Adam goes on to explain that even in slow economic times there is still a lot of demand for raw materials.  Recessions don’t wipe out demand, they are slight reductions in overall aggregate consumption levels.  It is fear and panic that is driving this massive commodities selloff.  And these price levels are unsustainable over the long run.


In fact, these depressed prices are likely to snowball into yet another severe supply pinch.  We are already seeing widespread production cuts not only in the oil industry but the mining industry.  Many operating mines cannot profitably produce their metals at today’s prices, causing production stoppages.  And many development projects are being put on hold not only due to these low commodities prices but the dried-up credit markets and lack of investor interest in equity offerings.


Shifting gears, while weakness may persist for a spell as most commodities prices seek to stabilize and find their balances, especially the industrials, the precious metals should really thrive in today’s environment.  In the table above you can see that gold has not given up its ghost, and has retained most of its gains.


This strength is a result of rock-solid and unchanging fundamentals.  Gold’s commoditized nature is unique in that it acts as a safe haven and store of wealth.  And in these uncertain times when even cash is risky, gold offers investors true value.  The economic balance of gold is also unique compared to other commodities.  Gold mine production continues to fall in the face of rising demand.


These are just a handful of gold’s stellar fundamentals.  And this global financial crisis should be a great boon to gold’s desirability.  When these gargantuan government bailouts start to filter through the system the world will experience a huge inflationary period as the printing presses are stressed to their limits.  And this is where the demand for gold will really flourish as investors diversify out of the fiat mess.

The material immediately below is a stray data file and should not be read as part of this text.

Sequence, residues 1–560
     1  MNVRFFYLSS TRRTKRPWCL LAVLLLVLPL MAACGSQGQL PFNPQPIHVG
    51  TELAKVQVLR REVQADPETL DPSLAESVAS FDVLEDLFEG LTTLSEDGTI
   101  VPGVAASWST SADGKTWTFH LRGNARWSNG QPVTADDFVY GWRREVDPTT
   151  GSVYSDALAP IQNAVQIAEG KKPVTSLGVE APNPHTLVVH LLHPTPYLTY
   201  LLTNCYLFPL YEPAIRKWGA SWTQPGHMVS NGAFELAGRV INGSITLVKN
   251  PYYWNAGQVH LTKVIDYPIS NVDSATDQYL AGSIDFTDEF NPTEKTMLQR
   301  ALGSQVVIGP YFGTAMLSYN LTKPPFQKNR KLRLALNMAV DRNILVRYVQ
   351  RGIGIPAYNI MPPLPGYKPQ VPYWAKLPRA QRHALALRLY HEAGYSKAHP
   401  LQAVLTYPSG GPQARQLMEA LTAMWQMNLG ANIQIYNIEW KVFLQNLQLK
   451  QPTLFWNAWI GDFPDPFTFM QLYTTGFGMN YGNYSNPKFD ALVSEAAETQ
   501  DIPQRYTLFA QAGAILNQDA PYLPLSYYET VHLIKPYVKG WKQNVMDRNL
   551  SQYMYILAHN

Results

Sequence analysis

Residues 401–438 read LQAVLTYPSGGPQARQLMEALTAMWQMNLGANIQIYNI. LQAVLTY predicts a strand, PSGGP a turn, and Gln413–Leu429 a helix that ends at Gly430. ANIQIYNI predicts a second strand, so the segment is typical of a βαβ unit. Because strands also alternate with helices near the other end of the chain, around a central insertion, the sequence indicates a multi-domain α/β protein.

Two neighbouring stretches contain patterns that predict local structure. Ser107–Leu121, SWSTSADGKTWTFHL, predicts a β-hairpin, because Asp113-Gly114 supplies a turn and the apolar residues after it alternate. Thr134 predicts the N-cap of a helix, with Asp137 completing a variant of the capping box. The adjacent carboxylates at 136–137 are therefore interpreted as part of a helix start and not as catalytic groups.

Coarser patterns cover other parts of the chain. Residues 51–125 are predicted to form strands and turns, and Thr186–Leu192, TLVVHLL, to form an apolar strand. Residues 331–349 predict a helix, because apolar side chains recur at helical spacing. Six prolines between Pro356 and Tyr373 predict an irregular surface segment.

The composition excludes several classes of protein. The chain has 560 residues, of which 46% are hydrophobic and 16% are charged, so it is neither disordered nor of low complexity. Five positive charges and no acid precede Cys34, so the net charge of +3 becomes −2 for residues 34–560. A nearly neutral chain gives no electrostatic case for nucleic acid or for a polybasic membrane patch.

Overall I believe the greater commodities bull market is not over.  Throughout history commodities bulls have run for an average of about 17 years, and I have no reason to believe this one will be any different.  As you can see in the table above commodities have been the strongest asset class over the last 8 years, and I believe they will continue to be the strongest for at least the next 8 years.


At Zeal we are students of the markets and constantly seek to better understand and trade them.  We’ve been performing cutting-edge market analysis and research since this commodities bull began in 2000 and have been using this knowledge to execute high-potential trades in our acclaimed Zeal Intelligence monthly newsletter.


We also put this research to work in the form of supplemental reports on a variety of sectors in the commodities realm.  Our most recent report profiles the most promising commodities ETFs and ETNs, which are all dirt-cheap today.  To purchase this report and/or join our many subscribers who seek guidance, experience, and fortitude in these wild markets, visit Zeal today!


The bottom line is it is fundamentals that ultimately drive the secular nature of any bull market.  And the long-term prospects for commodities remain very strong.  China will continue to be the stalwart of the world’s developing countries, and it is these countries that have and will continue to drive this commodities bull.


The interim growth trends may recede for a while, but they will not grind to a halt.  And we may even find that the chain reactions caused by today’s extreme fear will quickly pinch supply and cause an even sharper run on commodities as soon as this recession runs its course.  Investors who haven’t given up on the commodities bull should again be in line for legendary gains.


Scott Wright     October 31, 2008     Subscribe